An oral chemotherapy treatment used to treat myeloproliferative neoplasms is associated with substantial weight gain and increased systolic blood pressure, according to findings from a real-world analysis published in Scientific Reports.
Emily J. Gallagher
The drug, ruxolitinib (Jakafi, Incyte), was the first and currently remains the most widely used FDA-approved mechanism-based therapy for myeloproliferative neoplasms. Ruxolitinib is a Janus kinases (JAK) 1/2 inhibitor, an enzyme-blocker that affects blood cell production.
“As people are living longer with cancers and remaining on treatment long term, it is increasingly important that we understand the metabolic consequences of novel, targeted cancer therapies,” Emily J. Gallagher, PhD, assistant professor of endocrinology, diabetes and bone disease at the Icahn School of Medicine at Mount Sinai, told Endocrine Today. “In addition, we found increased systolic blood pressure and liver enzymes. Our correlative preclinical studies suggested that these effects may be due to direct inhibition of JAK1/2 signaling in adipose tissue. We found that JAK1/2 inhibition with ruxolitinib in patients with myeloproliferative neoplasms led to significant weight gain in more than half of patients, with many patients unexpectedly developing obesity.”
In a retrospective cohort study, Gallagher and colleagues analyzed data from 69 adults with myeloproliferative neoplasms who started ruxolitinib between 2010 and 2017 at Mount Sinai, identified via electronic medical records (50.7% women; mean age, 65 years; mean baseline BMI, 25.8 kg/m²). Researchers assessed indication for starting ruxolitinib, dates of ruxolitinib initiation and discontinuation, and the duration of follow-up after ruxolitinib initiation, as well as values for baseline and follow-up body weight, height and BMI, diastolic and systolic BP, glucose, complete blood count, HbA1c, lipid profile, serum alanine aminotransferase (ALT), serum aspartate aminotransferase (AST) and medication history.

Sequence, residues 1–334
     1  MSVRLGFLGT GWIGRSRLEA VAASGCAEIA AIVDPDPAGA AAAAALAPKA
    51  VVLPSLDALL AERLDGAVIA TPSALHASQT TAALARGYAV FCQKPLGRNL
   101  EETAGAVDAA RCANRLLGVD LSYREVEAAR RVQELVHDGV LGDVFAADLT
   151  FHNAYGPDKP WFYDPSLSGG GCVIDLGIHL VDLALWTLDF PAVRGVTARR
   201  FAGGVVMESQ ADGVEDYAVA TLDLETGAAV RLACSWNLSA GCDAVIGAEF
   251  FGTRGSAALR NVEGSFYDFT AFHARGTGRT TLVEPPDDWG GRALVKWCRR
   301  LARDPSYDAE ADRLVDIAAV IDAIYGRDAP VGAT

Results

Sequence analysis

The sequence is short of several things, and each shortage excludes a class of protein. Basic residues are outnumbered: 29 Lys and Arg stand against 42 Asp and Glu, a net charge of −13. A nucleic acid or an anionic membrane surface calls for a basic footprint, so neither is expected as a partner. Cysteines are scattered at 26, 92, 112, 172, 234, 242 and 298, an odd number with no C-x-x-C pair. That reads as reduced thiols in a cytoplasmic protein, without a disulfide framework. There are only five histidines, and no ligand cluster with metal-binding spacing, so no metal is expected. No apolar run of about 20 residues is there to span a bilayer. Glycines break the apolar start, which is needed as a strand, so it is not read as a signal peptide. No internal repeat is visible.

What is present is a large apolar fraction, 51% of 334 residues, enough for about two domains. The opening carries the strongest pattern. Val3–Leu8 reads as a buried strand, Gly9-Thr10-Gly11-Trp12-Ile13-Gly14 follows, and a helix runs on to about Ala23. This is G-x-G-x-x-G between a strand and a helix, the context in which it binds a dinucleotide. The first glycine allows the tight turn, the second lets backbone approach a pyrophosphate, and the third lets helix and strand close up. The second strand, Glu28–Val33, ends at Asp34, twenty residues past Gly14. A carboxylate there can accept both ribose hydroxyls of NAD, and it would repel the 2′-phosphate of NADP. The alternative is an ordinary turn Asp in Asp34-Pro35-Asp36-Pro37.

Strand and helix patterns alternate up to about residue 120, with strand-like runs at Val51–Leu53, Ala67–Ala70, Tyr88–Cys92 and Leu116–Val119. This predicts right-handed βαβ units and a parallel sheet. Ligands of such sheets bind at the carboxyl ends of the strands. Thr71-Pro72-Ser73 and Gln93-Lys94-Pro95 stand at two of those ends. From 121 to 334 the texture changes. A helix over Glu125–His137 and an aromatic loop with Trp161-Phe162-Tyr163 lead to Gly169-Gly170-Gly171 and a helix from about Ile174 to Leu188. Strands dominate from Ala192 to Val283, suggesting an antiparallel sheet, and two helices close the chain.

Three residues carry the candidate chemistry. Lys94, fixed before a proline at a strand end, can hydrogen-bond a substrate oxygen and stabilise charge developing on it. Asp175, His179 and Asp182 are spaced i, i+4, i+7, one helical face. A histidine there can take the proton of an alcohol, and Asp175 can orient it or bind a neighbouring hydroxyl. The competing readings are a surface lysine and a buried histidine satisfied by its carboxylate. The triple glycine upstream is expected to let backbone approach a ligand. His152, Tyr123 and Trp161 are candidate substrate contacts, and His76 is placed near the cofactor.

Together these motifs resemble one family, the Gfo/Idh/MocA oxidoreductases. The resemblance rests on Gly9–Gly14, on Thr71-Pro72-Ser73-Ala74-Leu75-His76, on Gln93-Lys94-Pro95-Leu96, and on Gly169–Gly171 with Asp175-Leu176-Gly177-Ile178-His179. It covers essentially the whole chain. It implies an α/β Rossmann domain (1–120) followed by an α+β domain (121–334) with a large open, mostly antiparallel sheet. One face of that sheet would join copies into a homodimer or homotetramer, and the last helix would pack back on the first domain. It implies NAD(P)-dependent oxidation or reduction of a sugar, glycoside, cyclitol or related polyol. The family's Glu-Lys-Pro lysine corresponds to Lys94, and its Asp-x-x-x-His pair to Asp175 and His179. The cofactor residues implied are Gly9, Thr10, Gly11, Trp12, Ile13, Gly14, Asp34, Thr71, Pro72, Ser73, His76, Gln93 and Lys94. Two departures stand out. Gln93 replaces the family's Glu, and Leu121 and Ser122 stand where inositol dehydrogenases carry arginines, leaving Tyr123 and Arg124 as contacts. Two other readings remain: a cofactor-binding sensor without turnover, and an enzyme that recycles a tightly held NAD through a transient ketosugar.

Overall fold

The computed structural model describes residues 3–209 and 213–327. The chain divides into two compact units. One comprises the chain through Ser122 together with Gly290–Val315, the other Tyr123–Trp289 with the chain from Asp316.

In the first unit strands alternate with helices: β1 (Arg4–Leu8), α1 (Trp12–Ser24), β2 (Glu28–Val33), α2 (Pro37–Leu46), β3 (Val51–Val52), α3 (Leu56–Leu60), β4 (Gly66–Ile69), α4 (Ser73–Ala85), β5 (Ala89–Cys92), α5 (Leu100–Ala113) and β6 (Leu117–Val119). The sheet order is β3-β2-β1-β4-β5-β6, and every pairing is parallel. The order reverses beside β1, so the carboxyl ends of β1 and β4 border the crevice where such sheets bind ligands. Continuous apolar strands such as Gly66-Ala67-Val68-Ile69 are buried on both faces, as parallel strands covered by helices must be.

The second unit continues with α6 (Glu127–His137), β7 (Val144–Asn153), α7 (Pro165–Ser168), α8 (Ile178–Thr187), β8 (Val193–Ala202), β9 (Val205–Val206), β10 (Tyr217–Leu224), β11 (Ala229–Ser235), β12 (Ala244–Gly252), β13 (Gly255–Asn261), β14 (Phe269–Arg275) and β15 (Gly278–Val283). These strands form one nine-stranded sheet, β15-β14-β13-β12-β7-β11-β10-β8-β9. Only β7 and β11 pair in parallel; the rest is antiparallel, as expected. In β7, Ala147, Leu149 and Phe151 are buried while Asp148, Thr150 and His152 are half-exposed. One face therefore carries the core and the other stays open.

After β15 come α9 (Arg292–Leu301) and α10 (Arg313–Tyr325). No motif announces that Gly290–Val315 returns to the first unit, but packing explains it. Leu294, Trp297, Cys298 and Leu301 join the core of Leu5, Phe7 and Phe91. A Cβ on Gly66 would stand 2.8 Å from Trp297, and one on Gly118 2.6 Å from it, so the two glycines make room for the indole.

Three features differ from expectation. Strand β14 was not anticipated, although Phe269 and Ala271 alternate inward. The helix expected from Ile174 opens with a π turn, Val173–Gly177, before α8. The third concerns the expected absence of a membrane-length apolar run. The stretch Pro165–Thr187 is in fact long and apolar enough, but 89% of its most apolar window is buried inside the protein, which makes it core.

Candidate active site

An oral chemotherapy treatment used to treat myeloproliferative neoplasms is associated with substantial weight gain and increased systolic blood pressure.
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The researchers found that body weight increased from a mean of 73.9 kg at baseline to 78.54 kg at 72 weeks (P < .001), with 50% of patients gaining more than 5% of their baseline body weight. BMI increased from 25.8 kg/m² at baseline to 27.5 kg/m² at 72 weeks (P < .001). Compared with baseline measurements, adults treated with ruxolitinib had a higher systolic BP (P = .03), serum AST (P = .01), and ALT (P = .04) at 72 weeks.
“This study is the first step in understanding the metabolic consequences of this class of targeted therapy,” Gallagher said. “It will be important to perform further studies to understand why certain patients gain weight while others do not, and to gain a greater understanding of the mechanisms underlying the weight gain.”
Gallagher said researchers must understand the long-term consequences of the weight gain and how it may affect quality of life and comorbid diseases, and perform studies to determine how best to treat people who experience unwanted weight gain.
“It is important to recognize that we did not study long-term survival, and so at present, we do not know if the weight gain associated with ruxolitinib is associated with changes in long-term survival,” Gallagher said. – by Regina Schaffer
For more information:
Emily J. Gallagher, PhD, can be reached at the Division of Endocrinology, Diabetes and Bone Disease, Icahn School of Medicine at Mount Sinai, One Gustave L. Levy Place, New York, NY 10029; email: Emily.firstname.lastname@example.org.
Disclosure: Gallagher reports she has served on an advisory board for Novartis.